October 24, 1990 |
The team of General Dynamics' San Diego-based Space Systems division and Pittsburgh-based Westinghouse Electric appear to have won a $200-million contract to build more than 500 massive, high-tech magnets for the Superconducting Super Collider particle accelerator that the U.S. Dept. of Energy is building in Texas, the companies said Tuesday. The partnership beat out a half dozen competitors for the right to negotiate a contract for the project.
July 7, 1990 |
The state bought its first 10-acre parcel of land for construction of the superconducting super collider, the mammoth $8-billion federal and state atom smasher project. More than 16,000 acres still have to be acquired from Ellis County landowners around Waxahachie, just south of Dallas, for the world's largest scientific instrument.
June 20, 1990 |
The House Tuesday approved the first of this year's 13 spending bills, a $20.9-billion package of energy and water development projects that includes the massive superconducting super collider. The 1991 bill, approved 355 to 59, includes $318 million to build the giant particle accelerator at Waxahachie, Tex. But Rep. Howard Wolpe (D-Mich.) objected that funds absorbed by the super collider "will ultimately starve other energy research projects."
June 1, 1990 |
U.S. officials Thursday asked that Japan pay for part of an $8-billion particle accelerator that scientists hope to use to probe the structure of atoms and formation of the universe. "The size and the expense of building this project is such that no one country can do it alone," Deputy Secretary of Energy Henson Moore said. "And we believe that for it to be a scientific success, it must be an international project."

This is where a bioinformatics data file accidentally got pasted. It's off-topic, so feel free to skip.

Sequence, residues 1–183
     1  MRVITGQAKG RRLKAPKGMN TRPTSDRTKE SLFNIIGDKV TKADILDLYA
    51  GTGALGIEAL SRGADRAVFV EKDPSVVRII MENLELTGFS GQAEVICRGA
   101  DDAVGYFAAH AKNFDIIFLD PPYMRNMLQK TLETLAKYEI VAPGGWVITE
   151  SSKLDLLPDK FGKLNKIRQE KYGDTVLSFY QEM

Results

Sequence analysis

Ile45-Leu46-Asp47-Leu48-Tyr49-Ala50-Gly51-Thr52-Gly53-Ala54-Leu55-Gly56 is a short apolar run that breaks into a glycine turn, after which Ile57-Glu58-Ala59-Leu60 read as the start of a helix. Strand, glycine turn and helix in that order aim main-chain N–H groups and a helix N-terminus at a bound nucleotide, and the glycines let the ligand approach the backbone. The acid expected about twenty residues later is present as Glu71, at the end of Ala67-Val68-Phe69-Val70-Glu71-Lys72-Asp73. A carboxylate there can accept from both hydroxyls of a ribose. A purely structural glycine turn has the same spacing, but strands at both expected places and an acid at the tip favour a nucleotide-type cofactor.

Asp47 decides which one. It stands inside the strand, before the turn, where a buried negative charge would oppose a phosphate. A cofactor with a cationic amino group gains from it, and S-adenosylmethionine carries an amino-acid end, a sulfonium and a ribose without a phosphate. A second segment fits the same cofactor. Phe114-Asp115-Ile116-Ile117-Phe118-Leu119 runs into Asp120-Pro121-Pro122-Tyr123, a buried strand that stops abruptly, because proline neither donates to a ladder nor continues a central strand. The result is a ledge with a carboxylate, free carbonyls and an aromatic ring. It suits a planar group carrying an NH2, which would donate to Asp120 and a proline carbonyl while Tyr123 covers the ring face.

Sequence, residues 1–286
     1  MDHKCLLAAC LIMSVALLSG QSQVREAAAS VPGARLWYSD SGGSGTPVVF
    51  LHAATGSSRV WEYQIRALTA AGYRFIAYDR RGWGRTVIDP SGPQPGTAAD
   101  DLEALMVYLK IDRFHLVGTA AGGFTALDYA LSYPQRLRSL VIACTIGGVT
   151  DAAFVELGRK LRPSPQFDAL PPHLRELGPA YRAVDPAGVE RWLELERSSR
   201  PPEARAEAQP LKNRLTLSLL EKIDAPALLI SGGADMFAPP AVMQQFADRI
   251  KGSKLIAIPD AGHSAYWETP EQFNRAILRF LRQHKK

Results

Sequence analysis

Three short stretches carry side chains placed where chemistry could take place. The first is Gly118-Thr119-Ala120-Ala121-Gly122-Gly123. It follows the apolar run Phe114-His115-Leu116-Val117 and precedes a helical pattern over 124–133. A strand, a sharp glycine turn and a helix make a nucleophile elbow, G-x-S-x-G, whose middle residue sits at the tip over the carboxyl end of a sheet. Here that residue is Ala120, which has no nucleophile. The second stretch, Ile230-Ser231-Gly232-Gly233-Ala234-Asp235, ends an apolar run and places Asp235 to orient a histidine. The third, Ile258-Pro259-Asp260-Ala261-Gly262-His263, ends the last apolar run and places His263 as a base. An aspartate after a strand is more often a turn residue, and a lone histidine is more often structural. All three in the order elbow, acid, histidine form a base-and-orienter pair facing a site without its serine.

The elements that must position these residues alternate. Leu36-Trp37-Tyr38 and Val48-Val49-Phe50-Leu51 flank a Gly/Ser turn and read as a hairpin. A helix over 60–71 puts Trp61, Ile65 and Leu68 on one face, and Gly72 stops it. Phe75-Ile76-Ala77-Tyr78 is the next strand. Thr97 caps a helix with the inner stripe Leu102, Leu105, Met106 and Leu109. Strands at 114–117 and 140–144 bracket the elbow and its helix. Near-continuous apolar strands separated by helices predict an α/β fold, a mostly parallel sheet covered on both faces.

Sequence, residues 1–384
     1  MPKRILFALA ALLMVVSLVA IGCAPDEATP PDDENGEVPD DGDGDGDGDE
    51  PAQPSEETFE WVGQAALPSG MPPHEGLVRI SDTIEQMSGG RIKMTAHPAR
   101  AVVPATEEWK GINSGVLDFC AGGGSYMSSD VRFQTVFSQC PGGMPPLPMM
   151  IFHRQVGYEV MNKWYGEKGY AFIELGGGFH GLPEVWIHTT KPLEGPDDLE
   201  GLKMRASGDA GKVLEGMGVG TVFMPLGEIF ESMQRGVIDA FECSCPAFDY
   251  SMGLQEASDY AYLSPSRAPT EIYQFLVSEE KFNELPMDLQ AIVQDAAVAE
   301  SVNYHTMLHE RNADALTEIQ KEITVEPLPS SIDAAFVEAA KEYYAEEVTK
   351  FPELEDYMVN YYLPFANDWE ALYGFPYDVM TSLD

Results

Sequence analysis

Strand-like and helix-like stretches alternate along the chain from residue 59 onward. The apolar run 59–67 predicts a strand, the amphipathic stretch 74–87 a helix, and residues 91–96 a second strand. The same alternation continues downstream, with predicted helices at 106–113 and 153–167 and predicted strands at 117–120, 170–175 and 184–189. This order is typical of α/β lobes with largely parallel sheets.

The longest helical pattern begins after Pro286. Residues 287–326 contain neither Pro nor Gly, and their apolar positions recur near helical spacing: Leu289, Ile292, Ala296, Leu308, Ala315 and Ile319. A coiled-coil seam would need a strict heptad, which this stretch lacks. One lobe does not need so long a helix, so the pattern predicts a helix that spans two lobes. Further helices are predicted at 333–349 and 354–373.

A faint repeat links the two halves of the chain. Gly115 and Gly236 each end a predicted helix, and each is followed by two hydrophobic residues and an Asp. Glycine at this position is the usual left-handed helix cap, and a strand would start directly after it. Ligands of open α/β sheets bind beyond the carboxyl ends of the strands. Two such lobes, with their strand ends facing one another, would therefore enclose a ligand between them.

March 16, 1990 |
The Department of Energy formally accepted the design of the superconducting super collider, clearing the way for Texas to buy 1,700 acres of land outside Dallas as the site of the atom smasher. Deputy Energy Secretary W.
November 21, 1989 |
The superconducting super collider will meet original specifications within its $5.9-billion budget, Deputy Energy Secretary W. Henson Moore told members of Congress. He said there is no plan to move the project from Waxahachie, Tex. A Washington Post article had quoted unnamed U.S. officials and private scientists as saying that design modifications could reopen the location issue.
September 30, 1989 |
President Bush on Friday signed a 1990 spending bill that will launch the $5-billion super collider research project, an experimental atom smasher to be built in Texas. The $225-million down payment on the super collider was included in a compromise measure Congress approved to provide $18.6 billion for next year's federal energy and water programs.
September 13, 1989
The House approved a compromise $18.6-billion spending bill that includes money to break ground on a $5-billion superconducting super collider physics research center in Texas. The energy and water projects appropriations bill for fiscal 1990 also includes $636 million for environmental clean-ups at the nation's nuclear weapons plants. The compromise between earlier House and Senate versions of the bill was approved by the House 392 to 27.
September 8, 1989
Federal financing of a mammoth superconducting supercollider cleared the last major hurdle, paving the way for the start of construction on the proposed experimental atom smasher, possibly as early as October. With virtually no debate, a House-Senate conference committee voted to go along with a Senate proposal to appropriate $225 million for the first installment of the project, rather than the $200 million that the House had approved.